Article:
16 January 2002 Semiconductor giant Intel has announced its fourth quarter and full year results for 2001. In the fourth quarter, revenue weighed in at $7 billion (€7.9bn) and net income at $504 million (€571.9m), or $998 million (€1.1bn) excluding acquisition related costs.
Compared to the same quarter a year earlier, revenues were down by 20% and net income plunged by 77%, but the chip maker still beat analysts’ forecasts.
Intel also said that its gross profit margin – an indicator of future profitability – will remain stable at 51% of revenues, after it dipped in 2001 as PC sales fell. For the current quarter Intel is forecasting revenues of between $6.4 billion and $7 billion.
“While 2001 was difficult for Intel, I can’t imagine changing places with any other company on the planet,” said Intel president and CEO Craig Barrett. “Our 2001 R&D and manufacturing investments position us to grow faster than the industry when the high tech recovery occurs,” he added.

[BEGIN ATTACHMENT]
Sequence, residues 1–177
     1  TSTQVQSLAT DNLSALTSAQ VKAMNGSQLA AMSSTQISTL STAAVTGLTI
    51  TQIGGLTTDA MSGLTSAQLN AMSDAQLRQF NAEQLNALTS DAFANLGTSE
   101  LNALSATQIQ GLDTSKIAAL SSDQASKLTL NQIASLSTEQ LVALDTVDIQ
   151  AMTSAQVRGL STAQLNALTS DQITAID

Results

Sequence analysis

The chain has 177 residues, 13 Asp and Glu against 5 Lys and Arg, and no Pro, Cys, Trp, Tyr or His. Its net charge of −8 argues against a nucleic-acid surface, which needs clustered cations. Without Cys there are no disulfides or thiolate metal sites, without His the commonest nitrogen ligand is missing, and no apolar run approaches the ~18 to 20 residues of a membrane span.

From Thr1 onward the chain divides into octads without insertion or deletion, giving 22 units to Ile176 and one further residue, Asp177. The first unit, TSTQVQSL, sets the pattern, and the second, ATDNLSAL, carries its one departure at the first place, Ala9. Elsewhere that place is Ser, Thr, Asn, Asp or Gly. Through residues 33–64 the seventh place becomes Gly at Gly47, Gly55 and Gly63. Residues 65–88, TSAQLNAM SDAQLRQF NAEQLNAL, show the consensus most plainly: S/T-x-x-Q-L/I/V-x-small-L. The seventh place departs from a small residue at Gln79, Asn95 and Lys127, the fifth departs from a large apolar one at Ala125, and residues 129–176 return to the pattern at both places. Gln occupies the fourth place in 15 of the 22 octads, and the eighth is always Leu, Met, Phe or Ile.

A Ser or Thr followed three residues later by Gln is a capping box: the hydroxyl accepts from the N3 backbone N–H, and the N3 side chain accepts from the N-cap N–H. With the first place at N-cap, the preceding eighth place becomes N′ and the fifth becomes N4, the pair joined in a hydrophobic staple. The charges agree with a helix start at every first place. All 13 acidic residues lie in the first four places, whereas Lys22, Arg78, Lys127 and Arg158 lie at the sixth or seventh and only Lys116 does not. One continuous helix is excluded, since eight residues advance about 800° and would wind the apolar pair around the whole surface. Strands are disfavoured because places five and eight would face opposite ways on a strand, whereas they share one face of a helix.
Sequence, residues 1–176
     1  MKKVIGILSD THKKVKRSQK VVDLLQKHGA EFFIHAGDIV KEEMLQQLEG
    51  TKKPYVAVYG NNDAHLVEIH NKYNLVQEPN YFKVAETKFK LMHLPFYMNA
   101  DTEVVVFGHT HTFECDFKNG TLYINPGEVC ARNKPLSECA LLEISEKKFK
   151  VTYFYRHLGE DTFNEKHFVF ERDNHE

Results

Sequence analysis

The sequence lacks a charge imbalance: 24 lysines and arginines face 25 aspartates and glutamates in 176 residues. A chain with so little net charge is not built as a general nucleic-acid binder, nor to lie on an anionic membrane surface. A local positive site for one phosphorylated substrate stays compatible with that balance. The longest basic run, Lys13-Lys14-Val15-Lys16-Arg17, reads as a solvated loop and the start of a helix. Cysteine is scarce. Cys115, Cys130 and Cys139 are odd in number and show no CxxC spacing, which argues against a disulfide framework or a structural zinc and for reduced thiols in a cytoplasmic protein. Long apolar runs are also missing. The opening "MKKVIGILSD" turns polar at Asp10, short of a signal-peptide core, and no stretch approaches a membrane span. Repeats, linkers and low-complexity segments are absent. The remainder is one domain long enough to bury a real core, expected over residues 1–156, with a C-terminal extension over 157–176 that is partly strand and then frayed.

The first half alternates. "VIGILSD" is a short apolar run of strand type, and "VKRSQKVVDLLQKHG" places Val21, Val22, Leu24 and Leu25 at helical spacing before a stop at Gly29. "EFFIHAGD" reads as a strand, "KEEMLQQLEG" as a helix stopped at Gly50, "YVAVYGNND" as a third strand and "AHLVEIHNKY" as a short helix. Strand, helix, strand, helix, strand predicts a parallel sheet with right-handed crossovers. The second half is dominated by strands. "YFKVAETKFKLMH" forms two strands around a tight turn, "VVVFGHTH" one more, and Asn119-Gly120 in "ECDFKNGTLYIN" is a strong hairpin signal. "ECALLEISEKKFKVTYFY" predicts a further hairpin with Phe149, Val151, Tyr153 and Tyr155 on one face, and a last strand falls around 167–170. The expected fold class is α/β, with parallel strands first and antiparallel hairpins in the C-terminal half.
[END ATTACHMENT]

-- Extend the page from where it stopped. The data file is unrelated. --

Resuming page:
However, Intel is also taking further measures to reduce its capital expenditure from $7.3 billion (€8.3bn) last year to $5.5 billion (€6.2bn) during 2002. This will affect semiconductor equipment makers who have come to rely on Intel’s purchases during the downturn.
For the full year to the end of December 2001, Intel’s revenues were $26.5 billion (€30.1bn), down from $33.7 billion (€38.2bn) in 2000. Net income was $1.3 billion (€1.5bn), down 88% from $10.5 billion (€11.9bn) in 2000.